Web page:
October 8, 2019

Four Possible Reasons Universal Vouchers Have More Public Support than Charter Schools

By Bellwether

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Universal vouchers, which provide government funding to families to offset the cost of private school tuition, are generally favored by market-oriented school-choice proponents. So you’d expect charter schools, which tend to enjoy more bipartisan support, to be more widely popular.
According to the latest Education Next poll, in 2019, 55% of the public indicated that they support universal vouchers, an increase of 12 percentage points since 2013. Meanwhile, charter schools only got the support of 48% of the public, a slight decline of 3 percentage points since 2013. 

Source: Education Next, “Trends in the EdNext Survey: Question wording and data over time,” 2019, https://educationnext.org/files/ednext-poll-question-wording-over-time-through-2019.pdf

Here are four key lessons from the Education Next poll that might explain why universal vouchers are tracking ahead of charter schools:

First, and most obvious to those in education policy circles, charter schools have been effectively demonized by vocal opponents with big microphones. It’s hard not to attribute the dip in public support between 2016 and 2017 to the ballot initiative to lift the cap on charter schools in Massachusetts, a debate that captured national headlines and pulled down tens of millions of dollars in political donations from both sides. The dip might also be attributed to the elevation of Betsy DeVos as a figurehead of the charter school movement. Support for charter schools has started to bounce back since 2017 and now stands just 3 percentage points below where it was in 2013, but opposition has also grown from 25 to 39 percent — a signal that charter school opponents have been effective in influencing public opinion. 
Support for universal vouchers may indicate that more families have considered private schools as an option for their children. Americans’ opinions are shaped by the benefits they perceive for their own families, and private schools are more salient to more families. Private schools have been around since before the nation’s founding. Moreover, families are more likely to have a private school than a charter school in their area. According to a 2017 Brookings analysis, 82% of families have a private school within five miles of their home, compared to 46% for charter schools. Private schools also have double the enrollment share of charter schools and serve a broader geographic cross-section of the country. 

Source: National Center for Education Statistics, Digest of Education Statistics, 2018, Table 206.30, https://nces.ed.gov/programs/digest/d18/tables/dt18_206.30.asp?current=yes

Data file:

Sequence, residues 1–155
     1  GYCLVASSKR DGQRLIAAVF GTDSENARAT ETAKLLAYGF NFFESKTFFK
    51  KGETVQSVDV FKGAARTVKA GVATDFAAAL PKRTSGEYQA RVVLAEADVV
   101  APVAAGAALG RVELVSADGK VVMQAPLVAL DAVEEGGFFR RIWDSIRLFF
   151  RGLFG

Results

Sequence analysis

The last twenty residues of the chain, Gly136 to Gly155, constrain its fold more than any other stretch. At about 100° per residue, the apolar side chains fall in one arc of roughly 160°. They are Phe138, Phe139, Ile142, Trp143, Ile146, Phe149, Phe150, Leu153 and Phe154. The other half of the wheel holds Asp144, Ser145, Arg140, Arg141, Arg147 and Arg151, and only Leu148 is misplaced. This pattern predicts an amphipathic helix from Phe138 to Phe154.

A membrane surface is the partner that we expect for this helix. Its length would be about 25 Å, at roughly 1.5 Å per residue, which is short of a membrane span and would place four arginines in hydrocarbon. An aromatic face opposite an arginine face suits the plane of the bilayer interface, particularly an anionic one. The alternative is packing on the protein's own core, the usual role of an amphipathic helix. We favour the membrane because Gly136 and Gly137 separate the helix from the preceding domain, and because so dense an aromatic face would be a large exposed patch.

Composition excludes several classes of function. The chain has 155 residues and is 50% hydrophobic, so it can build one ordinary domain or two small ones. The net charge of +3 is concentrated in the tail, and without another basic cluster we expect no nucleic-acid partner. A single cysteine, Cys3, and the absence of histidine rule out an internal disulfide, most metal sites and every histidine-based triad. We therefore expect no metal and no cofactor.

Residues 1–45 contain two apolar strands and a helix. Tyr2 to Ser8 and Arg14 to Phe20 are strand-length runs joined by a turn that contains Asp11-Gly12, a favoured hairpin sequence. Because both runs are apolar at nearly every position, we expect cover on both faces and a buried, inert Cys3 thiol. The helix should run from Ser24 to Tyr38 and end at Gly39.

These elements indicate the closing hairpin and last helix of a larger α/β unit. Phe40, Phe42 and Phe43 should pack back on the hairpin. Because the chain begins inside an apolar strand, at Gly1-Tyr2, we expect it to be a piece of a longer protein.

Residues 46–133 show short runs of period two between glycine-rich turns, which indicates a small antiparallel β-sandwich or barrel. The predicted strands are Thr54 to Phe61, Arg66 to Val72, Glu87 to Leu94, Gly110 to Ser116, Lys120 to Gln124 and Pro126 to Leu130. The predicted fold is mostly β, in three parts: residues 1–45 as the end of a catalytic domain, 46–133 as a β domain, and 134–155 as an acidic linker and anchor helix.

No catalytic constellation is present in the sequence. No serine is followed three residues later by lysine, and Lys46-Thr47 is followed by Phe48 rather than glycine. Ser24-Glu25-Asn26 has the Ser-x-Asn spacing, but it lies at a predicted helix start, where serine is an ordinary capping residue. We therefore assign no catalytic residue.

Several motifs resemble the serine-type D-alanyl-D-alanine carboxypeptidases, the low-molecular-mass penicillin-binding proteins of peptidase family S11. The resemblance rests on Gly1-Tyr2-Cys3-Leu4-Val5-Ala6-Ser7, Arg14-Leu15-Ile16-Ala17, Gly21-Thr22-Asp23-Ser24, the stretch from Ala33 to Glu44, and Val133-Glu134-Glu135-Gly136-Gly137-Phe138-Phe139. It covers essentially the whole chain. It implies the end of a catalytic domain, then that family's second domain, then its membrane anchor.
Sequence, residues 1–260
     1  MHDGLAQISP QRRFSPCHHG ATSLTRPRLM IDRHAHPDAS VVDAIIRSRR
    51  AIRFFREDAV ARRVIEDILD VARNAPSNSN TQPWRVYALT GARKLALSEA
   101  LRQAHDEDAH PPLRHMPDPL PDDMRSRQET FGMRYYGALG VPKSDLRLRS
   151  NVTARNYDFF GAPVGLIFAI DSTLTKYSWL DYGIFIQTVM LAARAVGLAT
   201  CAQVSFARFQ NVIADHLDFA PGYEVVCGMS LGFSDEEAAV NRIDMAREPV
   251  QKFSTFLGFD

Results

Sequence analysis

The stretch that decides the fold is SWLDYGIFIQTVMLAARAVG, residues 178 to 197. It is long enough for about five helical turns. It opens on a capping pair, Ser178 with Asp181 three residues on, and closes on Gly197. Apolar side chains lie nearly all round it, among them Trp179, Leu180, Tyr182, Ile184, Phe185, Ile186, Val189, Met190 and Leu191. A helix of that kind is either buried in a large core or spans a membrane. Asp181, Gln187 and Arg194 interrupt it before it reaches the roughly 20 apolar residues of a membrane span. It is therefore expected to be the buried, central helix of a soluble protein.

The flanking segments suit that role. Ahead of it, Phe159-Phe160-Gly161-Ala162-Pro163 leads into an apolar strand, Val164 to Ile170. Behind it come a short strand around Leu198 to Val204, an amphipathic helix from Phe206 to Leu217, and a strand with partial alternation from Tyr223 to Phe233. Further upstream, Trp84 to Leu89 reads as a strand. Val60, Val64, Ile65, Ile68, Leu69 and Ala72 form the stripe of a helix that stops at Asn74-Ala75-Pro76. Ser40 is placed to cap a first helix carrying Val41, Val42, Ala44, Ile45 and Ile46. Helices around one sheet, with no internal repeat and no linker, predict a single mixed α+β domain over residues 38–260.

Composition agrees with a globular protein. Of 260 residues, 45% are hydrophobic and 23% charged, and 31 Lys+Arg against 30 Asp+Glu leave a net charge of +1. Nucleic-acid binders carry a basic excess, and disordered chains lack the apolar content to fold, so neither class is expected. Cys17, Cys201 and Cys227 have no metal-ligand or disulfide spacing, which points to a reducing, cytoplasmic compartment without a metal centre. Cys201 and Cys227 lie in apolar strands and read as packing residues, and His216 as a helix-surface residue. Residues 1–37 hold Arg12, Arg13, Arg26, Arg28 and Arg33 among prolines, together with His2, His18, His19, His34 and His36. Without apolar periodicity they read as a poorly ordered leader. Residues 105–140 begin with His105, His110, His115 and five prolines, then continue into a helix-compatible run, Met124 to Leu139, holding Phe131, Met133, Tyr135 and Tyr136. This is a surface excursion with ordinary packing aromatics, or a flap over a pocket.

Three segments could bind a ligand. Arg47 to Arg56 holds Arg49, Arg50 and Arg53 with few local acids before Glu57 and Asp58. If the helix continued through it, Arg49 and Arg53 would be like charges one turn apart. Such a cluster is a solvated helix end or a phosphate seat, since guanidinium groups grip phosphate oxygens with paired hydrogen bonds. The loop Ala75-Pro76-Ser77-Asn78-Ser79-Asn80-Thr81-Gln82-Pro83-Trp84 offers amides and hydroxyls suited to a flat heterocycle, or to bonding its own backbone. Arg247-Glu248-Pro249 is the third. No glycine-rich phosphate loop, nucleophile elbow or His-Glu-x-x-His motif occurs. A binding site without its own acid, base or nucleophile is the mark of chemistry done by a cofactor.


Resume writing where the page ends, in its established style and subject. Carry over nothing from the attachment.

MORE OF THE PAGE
Proximity and relevance matter, and survey respondents may be more inclined to support a policy that would help them access a school like the one down the road, rather than the abstract idea of an unfamiliar school in the nearest urban center. 
The general public understands vouchers better than they understand charters. The Education Next poll also confirms that the general public’s knowledge of charter schools is generally low and often inaccurate. Just about one in four respondents correctly understand that charter schools are tuition-free or that charter schools are prohibited from offering religious services. 

Source: Education Next, “2019 Poll,” 2019, https://www.educationnext.org/files/2019ednextpoll.pdf

The poll does not assess respondents’ knowledge of universal vouchers, but it’s reasonable to think vouchers enjoy a higher degree of public understanding. First, at least as described in the polling question, the policy mechanism behind universal vouchers is relatively straightforward: the government gives families money to use to offset the cost of private school tuition. Second, the policy mechanism is relatively familiar: the government commonly uses vouchers for social welfare programs like housing and food stamps. It seems reasonable that an individual is more likely to put their support behind something they know a bit about. 
Survey respondents may be less likely to oppose vouchers because the polling question names families. It is a semantic difference, but the way the questions are worded may influence the response. The question about universal vouchers is framed as a benefit to families: “give all families with children in public schools a wider choice.” The question about charter schools is framed as a policy innovation:  “[P]ublicly funded but not managed by the local school board” and “expected to meet promised objectives, but exempt from many state regulations.” A policy described in terms of benefits to actual people is more likely to pull on the average American’s heart strings than an abstract description of governance structures. 
Charter school proponents are wrestling with the implications of increasing polarization and decline in public support for charter schools. The Education Next poll results suggest they should look for advice from their colleagues working on private-school choice.

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